Course Syllabus

This syllabus is also for ATM S 504.

Link to Course Schedule

Class Meeting Times and Location
Lectures: MWF 1:30-2:20 in  Atmospheric Sciences and Geophysics Hall (ATG) 310  (Links to an external site.)Links to an external site.

Labs are T 1:30-4:20,  in ATG 610 (note different room)

Lecturer: Professor David Battisti

e-mail: battisti@uw.edu
Office:  ATG 305
Office hours: TBA, or by appointment.        

Lab Instructor: Professor Lynn McMurdie

e-mail: lynnm@uw.edu 

Office:  ATG  526
Office hours: Th 2:30-3:30 in 623 or 526, or by appointment

 

Course Description

This course surveys the dynamics of synoptic and mesoscale disturbances including extratropical cyclones, inertia-gravity waves, and topographically forced flows. We will also consider atmospheric adjustment to geostrophy in extratropical latitudes. Insight into the dynamics of these features is gained through systematic simplification of the governing equations applied to idealized, but realistic, approximations of atmospheric structure. In the final portion of the course we will examine the importance of the synoptic scale phenomenon for understanding the general circulation of the atmosphere.


Textbook: Holton, J.R. and G.J Hakim, 2013: Introduction to Dynamic Meteorology, 5th Edition. Elsevier.  Text book errata are logged here (Links to an external site.)Links to an external site.

Grading Policy

    Homework 30% (Due Fridays, beginning of class)

    Labs 30% (Due Tuesdays, beginning of class)

    Three or four Quizzes 15% (Fridays)

    Comprehensive Final Exam 25% (Monday 18 March 2:30--4:20 pm ATG 310)

Makeup Final by prior arrangement only with the lecturer (makeup will have an oral and written component). Late homework may be allowed one time with lecturer approval prior to its due date. First homework due in week 2 and first quiz is in week 3. You may work in groups, but each student must write up their work. Graduate and undergraduate students will be graded independently.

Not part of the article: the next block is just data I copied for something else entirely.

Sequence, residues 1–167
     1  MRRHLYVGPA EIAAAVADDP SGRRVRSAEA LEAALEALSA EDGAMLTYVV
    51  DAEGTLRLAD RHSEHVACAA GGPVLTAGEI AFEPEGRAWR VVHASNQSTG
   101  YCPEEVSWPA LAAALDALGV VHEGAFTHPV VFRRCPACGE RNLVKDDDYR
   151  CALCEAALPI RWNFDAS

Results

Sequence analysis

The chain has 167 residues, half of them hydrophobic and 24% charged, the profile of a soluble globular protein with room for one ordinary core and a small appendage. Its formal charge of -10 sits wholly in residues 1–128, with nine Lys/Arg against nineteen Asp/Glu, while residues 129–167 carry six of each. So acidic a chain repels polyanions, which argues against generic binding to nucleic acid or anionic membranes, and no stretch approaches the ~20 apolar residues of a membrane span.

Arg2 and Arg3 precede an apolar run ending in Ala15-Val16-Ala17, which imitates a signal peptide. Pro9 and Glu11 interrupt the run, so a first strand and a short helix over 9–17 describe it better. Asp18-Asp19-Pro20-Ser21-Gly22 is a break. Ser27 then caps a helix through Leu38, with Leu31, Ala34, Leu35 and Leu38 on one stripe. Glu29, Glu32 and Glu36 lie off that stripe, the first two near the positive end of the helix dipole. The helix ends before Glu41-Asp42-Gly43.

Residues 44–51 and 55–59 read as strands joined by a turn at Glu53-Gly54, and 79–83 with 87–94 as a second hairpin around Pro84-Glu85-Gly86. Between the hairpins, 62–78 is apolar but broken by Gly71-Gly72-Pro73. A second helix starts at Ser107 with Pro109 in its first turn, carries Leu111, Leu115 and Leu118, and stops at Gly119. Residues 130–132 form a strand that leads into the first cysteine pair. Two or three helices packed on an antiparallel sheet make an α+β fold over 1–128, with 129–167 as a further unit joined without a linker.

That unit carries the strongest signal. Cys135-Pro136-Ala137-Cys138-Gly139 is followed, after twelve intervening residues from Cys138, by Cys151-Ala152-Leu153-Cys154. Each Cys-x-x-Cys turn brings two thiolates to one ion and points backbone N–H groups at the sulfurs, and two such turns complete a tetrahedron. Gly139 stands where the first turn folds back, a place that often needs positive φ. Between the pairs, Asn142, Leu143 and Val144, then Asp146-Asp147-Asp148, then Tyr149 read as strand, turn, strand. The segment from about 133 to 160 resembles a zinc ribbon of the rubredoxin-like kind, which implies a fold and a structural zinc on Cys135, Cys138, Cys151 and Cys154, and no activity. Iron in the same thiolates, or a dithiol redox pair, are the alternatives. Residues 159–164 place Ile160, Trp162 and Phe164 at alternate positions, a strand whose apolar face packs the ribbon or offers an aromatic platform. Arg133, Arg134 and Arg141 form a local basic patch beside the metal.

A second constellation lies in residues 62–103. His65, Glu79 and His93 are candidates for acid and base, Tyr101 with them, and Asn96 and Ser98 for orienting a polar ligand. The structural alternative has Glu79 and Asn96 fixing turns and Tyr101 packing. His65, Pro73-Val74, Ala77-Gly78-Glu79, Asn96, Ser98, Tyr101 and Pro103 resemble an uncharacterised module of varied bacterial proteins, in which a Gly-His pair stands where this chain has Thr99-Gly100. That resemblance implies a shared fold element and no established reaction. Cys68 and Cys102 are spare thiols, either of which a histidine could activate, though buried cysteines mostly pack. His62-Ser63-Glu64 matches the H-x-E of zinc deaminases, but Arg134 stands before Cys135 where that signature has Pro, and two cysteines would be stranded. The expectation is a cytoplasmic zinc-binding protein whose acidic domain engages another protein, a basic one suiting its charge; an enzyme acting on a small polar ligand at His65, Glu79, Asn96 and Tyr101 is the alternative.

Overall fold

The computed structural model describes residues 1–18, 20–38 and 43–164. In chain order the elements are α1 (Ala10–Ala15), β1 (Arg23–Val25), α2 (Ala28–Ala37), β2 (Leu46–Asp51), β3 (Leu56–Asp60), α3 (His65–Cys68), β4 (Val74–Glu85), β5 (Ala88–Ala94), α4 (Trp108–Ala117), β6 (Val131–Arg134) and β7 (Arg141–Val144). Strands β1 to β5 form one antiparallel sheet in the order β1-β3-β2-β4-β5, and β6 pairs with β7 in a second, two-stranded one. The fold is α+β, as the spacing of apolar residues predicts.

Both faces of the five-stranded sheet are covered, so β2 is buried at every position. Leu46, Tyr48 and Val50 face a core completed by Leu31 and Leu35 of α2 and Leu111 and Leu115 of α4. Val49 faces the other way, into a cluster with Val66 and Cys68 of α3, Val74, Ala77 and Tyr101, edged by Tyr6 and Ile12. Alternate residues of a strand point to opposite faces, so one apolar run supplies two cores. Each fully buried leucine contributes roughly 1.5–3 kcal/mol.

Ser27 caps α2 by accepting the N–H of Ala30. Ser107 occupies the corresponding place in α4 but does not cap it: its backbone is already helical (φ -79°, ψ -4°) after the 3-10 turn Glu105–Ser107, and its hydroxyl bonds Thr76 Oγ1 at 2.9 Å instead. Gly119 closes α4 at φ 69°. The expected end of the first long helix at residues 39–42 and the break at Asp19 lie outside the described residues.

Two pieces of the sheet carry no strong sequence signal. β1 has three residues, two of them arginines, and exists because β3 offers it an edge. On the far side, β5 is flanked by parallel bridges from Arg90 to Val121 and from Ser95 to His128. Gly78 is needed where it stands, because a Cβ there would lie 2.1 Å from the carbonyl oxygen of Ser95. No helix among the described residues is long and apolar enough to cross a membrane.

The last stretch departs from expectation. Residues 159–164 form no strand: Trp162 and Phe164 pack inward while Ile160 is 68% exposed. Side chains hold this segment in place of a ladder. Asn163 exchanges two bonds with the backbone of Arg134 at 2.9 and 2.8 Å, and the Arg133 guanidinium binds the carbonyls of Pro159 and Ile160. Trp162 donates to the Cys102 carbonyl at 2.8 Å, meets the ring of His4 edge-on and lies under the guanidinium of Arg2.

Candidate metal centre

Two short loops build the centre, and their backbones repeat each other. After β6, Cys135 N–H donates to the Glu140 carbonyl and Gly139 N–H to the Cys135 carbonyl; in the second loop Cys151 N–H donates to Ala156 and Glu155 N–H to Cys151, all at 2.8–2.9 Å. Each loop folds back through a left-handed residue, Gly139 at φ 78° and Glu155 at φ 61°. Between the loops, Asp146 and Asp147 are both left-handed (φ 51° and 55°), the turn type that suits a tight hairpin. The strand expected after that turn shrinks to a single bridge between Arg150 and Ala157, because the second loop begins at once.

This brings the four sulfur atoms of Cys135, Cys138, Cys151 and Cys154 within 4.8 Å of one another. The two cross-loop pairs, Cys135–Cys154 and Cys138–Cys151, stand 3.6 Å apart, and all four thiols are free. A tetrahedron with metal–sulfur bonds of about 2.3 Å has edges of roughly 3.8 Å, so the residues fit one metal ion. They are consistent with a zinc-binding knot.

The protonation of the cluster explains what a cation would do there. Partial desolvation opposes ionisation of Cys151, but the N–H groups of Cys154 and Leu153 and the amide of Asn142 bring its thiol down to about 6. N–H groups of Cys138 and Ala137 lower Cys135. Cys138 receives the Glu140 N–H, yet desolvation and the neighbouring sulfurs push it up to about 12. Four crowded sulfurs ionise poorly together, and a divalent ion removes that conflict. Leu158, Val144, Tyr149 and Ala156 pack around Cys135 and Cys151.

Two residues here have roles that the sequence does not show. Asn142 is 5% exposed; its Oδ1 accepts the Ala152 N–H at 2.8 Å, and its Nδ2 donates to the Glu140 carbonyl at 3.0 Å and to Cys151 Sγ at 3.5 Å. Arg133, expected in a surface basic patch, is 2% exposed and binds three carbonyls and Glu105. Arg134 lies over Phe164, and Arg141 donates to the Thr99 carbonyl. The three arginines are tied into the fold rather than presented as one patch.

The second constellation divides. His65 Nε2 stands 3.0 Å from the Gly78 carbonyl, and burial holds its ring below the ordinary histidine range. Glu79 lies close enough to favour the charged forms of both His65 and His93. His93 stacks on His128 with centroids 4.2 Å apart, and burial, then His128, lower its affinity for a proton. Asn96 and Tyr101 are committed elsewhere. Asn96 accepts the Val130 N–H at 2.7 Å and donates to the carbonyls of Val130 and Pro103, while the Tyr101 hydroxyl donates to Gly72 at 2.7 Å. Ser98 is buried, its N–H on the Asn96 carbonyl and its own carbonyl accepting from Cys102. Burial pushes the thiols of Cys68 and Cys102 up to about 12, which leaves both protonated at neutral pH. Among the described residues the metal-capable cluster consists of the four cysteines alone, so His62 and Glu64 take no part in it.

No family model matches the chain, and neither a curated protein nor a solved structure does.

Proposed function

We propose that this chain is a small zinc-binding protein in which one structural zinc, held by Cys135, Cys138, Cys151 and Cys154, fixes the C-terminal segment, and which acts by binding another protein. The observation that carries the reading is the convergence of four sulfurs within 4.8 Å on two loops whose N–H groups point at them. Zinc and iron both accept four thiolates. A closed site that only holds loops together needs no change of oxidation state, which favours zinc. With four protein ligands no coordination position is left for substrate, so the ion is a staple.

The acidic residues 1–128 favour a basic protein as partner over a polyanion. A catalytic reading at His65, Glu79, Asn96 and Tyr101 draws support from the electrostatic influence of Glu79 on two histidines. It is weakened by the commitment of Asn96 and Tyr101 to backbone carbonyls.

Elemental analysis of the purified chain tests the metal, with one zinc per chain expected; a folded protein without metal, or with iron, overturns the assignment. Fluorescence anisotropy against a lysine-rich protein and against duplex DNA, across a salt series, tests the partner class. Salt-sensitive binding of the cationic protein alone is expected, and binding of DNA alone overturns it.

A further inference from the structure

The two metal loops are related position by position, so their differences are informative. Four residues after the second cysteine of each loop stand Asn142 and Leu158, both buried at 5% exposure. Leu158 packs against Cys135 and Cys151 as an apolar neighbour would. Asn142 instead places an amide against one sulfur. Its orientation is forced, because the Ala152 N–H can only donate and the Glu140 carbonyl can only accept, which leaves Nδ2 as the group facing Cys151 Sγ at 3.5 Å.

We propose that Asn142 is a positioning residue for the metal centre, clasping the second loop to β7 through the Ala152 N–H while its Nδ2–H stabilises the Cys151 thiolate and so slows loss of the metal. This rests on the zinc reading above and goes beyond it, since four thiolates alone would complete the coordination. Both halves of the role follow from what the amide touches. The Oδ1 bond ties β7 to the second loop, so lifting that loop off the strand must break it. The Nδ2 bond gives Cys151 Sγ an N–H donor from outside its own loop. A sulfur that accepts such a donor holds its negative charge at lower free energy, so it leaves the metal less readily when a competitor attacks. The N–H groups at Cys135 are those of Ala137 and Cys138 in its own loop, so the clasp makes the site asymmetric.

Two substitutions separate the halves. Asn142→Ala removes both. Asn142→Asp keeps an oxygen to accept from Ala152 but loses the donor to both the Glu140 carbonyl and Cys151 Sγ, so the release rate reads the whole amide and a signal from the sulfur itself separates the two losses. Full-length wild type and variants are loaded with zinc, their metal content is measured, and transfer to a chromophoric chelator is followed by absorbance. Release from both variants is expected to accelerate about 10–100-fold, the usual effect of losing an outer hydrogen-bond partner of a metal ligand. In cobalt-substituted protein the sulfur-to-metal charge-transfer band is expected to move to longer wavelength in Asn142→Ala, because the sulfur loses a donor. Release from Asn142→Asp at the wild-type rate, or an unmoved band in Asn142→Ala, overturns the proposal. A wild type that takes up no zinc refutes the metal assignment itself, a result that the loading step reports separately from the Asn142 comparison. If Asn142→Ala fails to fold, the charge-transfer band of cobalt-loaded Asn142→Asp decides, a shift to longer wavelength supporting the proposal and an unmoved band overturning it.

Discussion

Tentative Syllabus ("Q" = Friday quiz):

Week 1 

Jan. 7-11

Waves: Basic concepts, Shallow water waves

Week 2 

Jan. 14-18

Waves: Rotation and Inertial Gravity waves

Week 3 

Jan. 23-25

Geostrophic adjustment; Internal Gravity Waves

Week 4 

Jan. 28 - Feb 1 Q

Rossby Waves, free and spin-down

Week 5 

Feb 4-8 

Orographically forced Rossby Waves; Quasi-geostrophic (QG) equations

Week 6 

Feb. 11 - 15 Q

quasi-geostrophic (QG) equations and Potential Vorticity

Week 7 

Feb. 20 - 22

Anatomy of a Midlatitude Cyclone

Week 8 

Feb. 25 - Mar 1 Q

Midlatitude Cyclone Theory: Baroclinic Instability 

Week 9 

Mar 4 - 8

Midlatitude Cyclones Theory: the messy details; the Initial Value approach

Week 10 

Mar.11 - 15

General Circulation 


Holidays: 21 January (Martin Luther King Day); 18 February (Presidents Day).

 Slides from class

intro_remarks.pdf

Climatology_flow_Synpotic_waves.pdf

phase_vs_group_velocity.pdf

Marine_Push.pdf

Internal wave videos.pdf

Impact of topography on climate

Climatology_flow_Synpotic_waves.pdf

Animations:

Phase and Group Velocity Links to an external site.

gravity waves (albeit unusual)Links to an external site

Saint Andrews Cross animationLinks to an external site.

Gravity waves issued from a modelled squall lineLinks to an external site.

Extreme trapped gravity wavesLinks to an external site.

Impact of topography on climate

 Chapter 7 summary slides.pdfView in a new window

Summary slides: mid-latititude cycloneView in a new window

Rocky Mountain Wave CloudsLinks to an external site.Chapter_6_HH_slides.pdf

Course Summary:

Date Details